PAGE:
The Brilliance!


We’re really internet and we’re really back. A website about things Benjamin , Chuck , Virgil , and various friends & guests think are interesting. Little-to-no specific focus, a bit odd, speling errors, and incredibly culturally relevant.


Brilly Brilly Brilly

Amazon Prime, Colette, the internet, and the art of the "french exit."

First off – I want to thank Sarah Colette for creating a store (an era?!) that gave all the kids with the newest, weirdest, freshest, riskiest, and most-abstract ideas a launching pad with Colette. The creative world is, without question, a better place because of her hands-on approach to curation, her eye, and her willingness to help. Thanks for carrying all my friends stuff and thanks for that one time you paid like $350 in shipping costs to have 2 cases of Boxed Water shipped 2-day express to Paris for placement at the Colette Water Bar. That meant so, so much to me. Thank you Sarah...can't wait to see what you do next.

So whats next? Funny, I was just sitting yesterday talking with a close friend of mine, MJ who is part owner in my favorite clothing shop here in Chicago – Notre, about what the future of retail looks like. That exact conversation is being had by lots of retailers right now... 6-7 weeks ago I was having the same convo with him telling him that I don't think Amazon's taste level or broadness will ever disrupt Notre's intense attention to detail and curation. I still don't think Amazon specifically will...but after launching my latest, very tiny, BENJAMIN EDGAR collection and embarrassingly running into an issue that made some of the orders 7-14 days late (sorry!) on shipping...I kind of thought to myself: "why didn't I just forward-position this stuff with Amazon and let people order it using Prime???" Then I thought about it in the context of the much larger business that is Notre. I still want to touch fabrics, I still want to experience a space, a feeling, curation, etc...but if Amazon is already able to get me a new Cuisinart pan, a tube of toothpaste, a phone charger, etc to my apartment in Chicago in under 2 hours...why wouldn't I want that convenience for a new APC Louis W bomber jacket, or pair of Nikes that today I can only get in boutiques? How will that look and feel? What will be lost in the experience? What will be gained?! This, again, isn't new thinking...but Colette announcing its closing makes all of it feel a bit more real, yeah? If anyone was untouchable in the retail space it was them. Perhaps they're calling it earlier than everyone else. And shoutout to Sarah for doing that, being like: "It's done." Such a perfect French exit after an incredibly good run.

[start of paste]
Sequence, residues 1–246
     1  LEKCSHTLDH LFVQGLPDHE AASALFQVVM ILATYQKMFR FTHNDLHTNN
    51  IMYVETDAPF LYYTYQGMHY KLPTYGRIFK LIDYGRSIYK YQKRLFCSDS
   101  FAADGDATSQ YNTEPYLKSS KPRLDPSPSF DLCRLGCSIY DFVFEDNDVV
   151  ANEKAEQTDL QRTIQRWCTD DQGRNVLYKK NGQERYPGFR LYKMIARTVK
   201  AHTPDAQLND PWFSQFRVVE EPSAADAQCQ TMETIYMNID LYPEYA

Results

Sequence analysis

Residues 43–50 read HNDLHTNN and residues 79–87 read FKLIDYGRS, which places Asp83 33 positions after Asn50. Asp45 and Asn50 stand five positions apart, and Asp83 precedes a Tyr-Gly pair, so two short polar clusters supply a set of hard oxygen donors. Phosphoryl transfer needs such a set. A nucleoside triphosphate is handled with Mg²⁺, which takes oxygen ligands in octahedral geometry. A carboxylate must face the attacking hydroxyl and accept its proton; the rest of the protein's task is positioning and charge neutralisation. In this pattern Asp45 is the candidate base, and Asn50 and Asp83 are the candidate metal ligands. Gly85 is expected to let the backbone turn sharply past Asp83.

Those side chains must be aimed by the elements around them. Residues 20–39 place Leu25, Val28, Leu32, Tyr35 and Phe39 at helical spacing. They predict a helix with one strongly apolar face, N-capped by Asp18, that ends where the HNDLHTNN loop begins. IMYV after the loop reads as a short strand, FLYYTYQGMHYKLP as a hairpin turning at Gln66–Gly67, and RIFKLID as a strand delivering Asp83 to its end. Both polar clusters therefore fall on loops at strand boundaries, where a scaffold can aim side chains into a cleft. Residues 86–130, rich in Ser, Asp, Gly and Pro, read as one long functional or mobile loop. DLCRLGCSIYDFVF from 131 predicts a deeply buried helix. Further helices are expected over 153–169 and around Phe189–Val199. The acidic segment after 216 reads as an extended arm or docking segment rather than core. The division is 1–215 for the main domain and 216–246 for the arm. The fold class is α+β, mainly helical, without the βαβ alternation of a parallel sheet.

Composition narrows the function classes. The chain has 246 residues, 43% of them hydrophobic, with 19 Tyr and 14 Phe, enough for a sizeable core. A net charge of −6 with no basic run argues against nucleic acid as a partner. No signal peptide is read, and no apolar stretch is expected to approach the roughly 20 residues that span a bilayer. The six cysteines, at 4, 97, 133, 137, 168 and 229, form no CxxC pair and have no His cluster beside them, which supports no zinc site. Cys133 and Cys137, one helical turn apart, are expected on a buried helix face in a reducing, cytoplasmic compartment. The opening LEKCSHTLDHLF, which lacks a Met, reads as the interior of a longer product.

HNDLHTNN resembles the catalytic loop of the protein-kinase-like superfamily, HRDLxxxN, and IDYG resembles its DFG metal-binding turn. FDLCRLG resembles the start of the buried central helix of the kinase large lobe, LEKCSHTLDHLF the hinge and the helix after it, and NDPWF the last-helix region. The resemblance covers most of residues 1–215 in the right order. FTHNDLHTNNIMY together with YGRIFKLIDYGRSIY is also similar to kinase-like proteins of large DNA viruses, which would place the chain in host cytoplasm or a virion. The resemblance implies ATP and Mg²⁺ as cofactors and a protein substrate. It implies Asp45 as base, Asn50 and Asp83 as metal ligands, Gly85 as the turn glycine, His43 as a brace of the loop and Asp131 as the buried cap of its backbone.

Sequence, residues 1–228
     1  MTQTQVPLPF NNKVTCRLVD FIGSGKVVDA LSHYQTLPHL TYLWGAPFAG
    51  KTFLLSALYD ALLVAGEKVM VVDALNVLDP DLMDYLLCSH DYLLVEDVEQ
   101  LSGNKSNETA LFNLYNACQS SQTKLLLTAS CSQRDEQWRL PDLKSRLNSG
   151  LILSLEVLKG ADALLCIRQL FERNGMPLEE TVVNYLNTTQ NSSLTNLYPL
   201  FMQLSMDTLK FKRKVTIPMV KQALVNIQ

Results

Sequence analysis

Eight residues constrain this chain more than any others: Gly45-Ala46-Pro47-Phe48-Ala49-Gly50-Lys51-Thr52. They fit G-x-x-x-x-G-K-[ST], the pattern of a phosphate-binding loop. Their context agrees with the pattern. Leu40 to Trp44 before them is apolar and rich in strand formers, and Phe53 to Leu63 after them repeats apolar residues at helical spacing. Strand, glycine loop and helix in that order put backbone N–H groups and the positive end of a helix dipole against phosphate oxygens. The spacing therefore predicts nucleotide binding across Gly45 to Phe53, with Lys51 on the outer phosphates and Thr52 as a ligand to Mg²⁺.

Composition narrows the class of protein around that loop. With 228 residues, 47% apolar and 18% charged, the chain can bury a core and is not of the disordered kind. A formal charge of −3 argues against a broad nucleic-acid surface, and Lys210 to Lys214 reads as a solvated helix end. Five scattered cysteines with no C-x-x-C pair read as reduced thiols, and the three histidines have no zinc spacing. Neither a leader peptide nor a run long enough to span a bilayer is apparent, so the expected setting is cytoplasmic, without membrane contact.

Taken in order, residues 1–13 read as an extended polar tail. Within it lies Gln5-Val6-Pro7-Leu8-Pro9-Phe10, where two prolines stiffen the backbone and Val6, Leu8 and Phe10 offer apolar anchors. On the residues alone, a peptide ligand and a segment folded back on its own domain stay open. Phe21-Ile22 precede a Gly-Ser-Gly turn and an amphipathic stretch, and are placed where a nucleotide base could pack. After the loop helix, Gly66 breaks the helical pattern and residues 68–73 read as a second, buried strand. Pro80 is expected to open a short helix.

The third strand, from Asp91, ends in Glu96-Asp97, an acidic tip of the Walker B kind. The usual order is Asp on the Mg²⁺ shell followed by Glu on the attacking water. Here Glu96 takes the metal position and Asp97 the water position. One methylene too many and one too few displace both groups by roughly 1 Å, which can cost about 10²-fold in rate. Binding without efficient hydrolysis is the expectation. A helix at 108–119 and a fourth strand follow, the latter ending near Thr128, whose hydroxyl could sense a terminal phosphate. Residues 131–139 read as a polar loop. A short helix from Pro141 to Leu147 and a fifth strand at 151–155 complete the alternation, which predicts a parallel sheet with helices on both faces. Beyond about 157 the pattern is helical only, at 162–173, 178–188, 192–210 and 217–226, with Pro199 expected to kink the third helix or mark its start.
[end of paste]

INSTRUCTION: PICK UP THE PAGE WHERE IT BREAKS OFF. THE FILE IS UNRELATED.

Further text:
I don't at all think retail is done...but if the internet does anything, it changes things in insanely dramatic ways and almost always for the better. It's going to look different. If they can ship something to me in 2 hours'll be 2 minutes in 2-3 years - history has shown this time and time again. There's always two sides after the shake-up: the people who saw around the corner, took a risk, and changed dramatically...and the people who thought their mountain was immovable.